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I had a beautiful day today. My mind was cool, calm and happy as I explored the markets and some of the sights.
I went to the markets first. Bogyoke market is a colonial era market set in what is now a tumble down concrete square but with many beautiful shops selling crafts, clothes and jewellery. The sheer scale was exciting to me. So many stalls and goods!
Next I went to Theingyi Zei market, an older, more claustraphobic ( if your that way inclined) market described by the Lonely Planet as “a proper Burmese bazaar” . Again the scale of it was thrilling in its way.
And then I went to “Junction City” a modern day temple of commerce with awful music but some rather nice interior decoration and a Christmas tree.
The future….perhaps. Air conditioned, clean and spacious. How could you possibly argue with that?
And then there were the temples. Sule Pagoda sits in the middle of a am er ( how can I put this?) a roundabout.
Yes thats right -a roundabout. Rimmed with shops, the inside is rather nice and costs three dollars to enter. After ordering me to take off my shoes a middle aged lady shoved flowers in hand ( for the Buddha) and charging the equivelent of a dollar. I can’t argue (or even bargain) with middle aged Burmese women ( you learn something new every day I guess!).
Nice enough overall but nothing compared with the Shwedagon Pagoda. This was absolutely stunning. About a 40 minute walk from town I first noticed it here after rounding the bend
The approach across busy streets requires the usual game of dodge the cars but after that……absolute heaven.
On entering the approach is deceptive and lined with stalls ( ssssh don’t tell Jesus) and there is three flights of stairs as you approach the entrance proper. Then its ten dollers in but totally worth it. I really had no idea of the beauty ahead of me and was grousing inwardly about having to pay!
But then, I was in this beautiful place. Everyone was barefoot and the atmosphere was one of quiet joy.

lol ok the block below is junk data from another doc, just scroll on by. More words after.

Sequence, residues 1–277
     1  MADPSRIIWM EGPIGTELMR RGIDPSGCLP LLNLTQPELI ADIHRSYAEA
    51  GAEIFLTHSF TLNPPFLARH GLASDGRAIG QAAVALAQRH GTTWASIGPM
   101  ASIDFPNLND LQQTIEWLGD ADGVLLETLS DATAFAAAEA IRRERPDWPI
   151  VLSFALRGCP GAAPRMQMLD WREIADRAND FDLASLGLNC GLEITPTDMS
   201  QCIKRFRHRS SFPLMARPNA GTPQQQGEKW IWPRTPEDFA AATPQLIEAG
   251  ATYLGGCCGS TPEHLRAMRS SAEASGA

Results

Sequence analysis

Absolutely gorgeous. This is the orient of my dreams. Hundreds of temples, statues and pagodas set in a concentric ring with a gold gilded stupa in the middle 99 meters high. Originally built to a height of 18 meters in the 6-8th centuries, it was raised to 40 meters in the 15th century and brought to its current majestic splendour in the late 18th century.
In a philistine act the British occupied it in the Anglo-Burmese war of 1824 resulting in vandalism and pillage and they and dug a tunnel under the stupa to see if it could store gunpowder. They occupied it again from 1852-1929 following the second Anglo-Burmese war. The Portugese also tried to make off with a bell tower in 1605. He wanted to melt the bell down to make canons but it fell into the river in transit. The same thing happened when the British tried to make off with a bell in the 19th century.
But somehow the stupa survived the Europeans.
Later in the 20th century it became a focal point for both nationalism and later for pro democracy demonstrations also. It is a strong symbol of Myanmar and loved by the people.
It was very special to be there. There were many people, both monks and lay people praying and chanting. I had a very pleasant meditation myself there also.
And tomorrow I will go to the monastery until the new year. I hope to do one more post before then. Thanks for reading!
Alan Coakley is a Travel Director with Trafalgar Tours based in Ireland.